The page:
Word of the Day – Bansuri

By August 20, 2019 Word of the Day

Bansuri (noun)


A bamboo transverse flute, popular in northern India.

Example sentences

“He was an expert bansuri musician”

Word of the Day – Phthisiophobia

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Phthisiophobia (noun) (historic) fiz-ee-o-fo-bee-a An irrational or exaggerated fear of tuberculosis. Late 19th century; earliest use found in The Lancet. From phthisio- + -phobia, perhaps after French phthisiophobie. (more…)

Word of the Day – Thicket

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Thicket (noun) thik-it A dense group of bushes or trees. Old English thiccet (see thick) (more…)

Word of the Day – Efficacy

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Efficacy (noun) ef-ik-a-see The ability to produce a desired or intended result. Early 16th century from Latin efficacia, from efficax, efficac- (more…)

Word of the Day – Impunity

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Impunity (noun) im-poo-ni-tee Exemption from punishment or freedom from the injurious consequences of an action. Mid 16th century from Latin impunitas, from impunis ‘unpunished’, from in- ‘not’ + poena ‘penalty’…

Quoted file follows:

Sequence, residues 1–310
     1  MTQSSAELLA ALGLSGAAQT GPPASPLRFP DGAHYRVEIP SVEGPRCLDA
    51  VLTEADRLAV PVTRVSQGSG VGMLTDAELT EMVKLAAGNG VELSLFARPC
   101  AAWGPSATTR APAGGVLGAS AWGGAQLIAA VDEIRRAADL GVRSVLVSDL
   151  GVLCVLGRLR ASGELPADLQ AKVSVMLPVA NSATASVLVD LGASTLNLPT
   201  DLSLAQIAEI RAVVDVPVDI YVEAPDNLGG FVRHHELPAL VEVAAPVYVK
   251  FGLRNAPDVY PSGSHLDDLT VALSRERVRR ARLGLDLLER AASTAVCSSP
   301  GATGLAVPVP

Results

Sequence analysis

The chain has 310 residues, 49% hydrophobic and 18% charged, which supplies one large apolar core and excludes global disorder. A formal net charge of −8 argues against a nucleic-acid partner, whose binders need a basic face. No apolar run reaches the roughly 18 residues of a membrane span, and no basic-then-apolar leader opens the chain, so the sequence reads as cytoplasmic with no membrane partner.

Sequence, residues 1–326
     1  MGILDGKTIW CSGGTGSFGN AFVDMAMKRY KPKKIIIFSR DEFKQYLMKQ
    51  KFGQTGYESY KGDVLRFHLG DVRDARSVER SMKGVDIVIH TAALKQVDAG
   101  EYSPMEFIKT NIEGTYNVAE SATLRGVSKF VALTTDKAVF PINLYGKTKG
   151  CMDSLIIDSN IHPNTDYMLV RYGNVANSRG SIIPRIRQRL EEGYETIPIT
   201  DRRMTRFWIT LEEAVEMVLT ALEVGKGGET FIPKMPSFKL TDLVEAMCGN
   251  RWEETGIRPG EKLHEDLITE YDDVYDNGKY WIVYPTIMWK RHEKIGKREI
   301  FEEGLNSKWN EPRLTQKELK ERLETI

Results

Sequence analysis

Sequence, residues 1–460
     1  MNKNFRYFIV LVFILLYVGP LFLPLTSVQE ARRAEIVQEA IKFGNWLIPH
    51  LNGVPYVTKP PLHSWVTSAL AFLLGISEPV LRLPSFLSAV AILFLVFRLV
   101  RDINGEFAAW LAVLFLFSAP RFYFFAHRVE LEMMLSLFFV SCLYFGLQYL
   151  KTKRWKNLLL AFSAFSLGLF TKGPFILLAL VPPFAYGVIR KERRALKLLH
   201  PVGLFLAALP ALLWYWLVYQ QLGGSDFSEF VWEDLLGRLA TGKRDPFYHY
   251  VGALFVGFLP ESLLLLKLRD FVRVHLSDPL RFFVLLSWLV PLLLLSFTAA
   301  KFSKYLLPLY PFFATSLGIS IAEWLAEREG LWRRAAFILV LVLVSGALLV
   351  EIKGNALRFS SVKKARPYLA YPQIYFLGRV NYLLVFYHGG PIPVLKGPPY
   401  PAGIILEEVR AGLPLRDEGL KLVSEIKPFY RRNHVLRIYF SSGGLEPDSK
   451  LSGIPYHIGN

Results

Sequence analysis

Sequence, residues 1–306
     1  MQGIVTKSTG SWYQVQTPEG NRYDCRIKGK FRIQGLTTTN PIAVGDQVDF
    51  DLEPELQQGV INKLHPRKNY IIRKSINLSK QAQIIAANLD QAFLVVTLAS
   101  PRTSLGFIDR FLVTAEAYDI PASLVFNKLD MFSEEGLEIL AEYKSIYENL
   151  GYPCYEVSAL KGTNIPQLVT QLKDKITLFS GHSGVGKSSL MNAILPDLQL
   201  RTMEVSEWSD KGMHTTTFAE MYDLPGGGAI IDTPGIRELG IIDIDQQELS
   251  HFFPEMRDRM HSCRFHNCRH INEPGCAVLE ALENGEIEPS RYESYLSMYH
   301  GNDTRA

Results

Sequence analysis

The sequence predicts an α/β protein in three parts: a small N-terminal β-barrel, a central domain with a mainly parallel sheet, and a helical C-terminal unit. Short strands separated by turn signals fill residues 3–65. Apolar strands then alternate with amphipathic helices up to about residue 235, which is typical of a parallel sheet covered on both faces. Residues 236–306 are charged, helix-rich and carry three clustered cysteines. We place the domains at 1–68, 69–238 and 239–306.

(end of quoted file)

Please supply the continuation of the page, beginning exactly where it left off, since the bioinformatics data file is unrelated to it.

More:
Word of the Day – Ingress

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Ingress (noun) in-gres The action or fact of going in or entering; the capacity or right of entrance. A place or means of access; an entrance. Late Middle English (in…

Word of the Day – Masticate

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Masticate (verb) mas-tik-ayt Chew (food) Mid 17th century (earlier (Middle English) as mastication): from late Latin masticat- ‘chewed’, from the verb masticare, from Greek mastikhan ‘gnash the teeth’ (related to…

Word of the Day – Gesticulate

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Gesticulate (verb) jes-tik-oo-layt Use gestures, especially dramatic ones, instead of speaking or to emphasize one's words. Early 17th century from Latin gesticulat- ‘gesticulated’, from the verb gesticulari, from gesticulus, diminutive…

Word of the Day – Leer

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Leer (verb/noun) lee-r Look or gaze in a lascivious or unpleasant way. Mid 16th century (in the general sense ‘look sideways or askance’): perhaps from obsolete leer ‘cheek’, from Old…

Word of the Day – Mawkish

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Mawkish (adj) maw-kish Sentimental in an exaggerated or false way. Mid 17th century (in the sense ‘inclined to sickness’): from obsolete mawk ‘maggot’, from Old Norse mathkr, of Germanic origin.…

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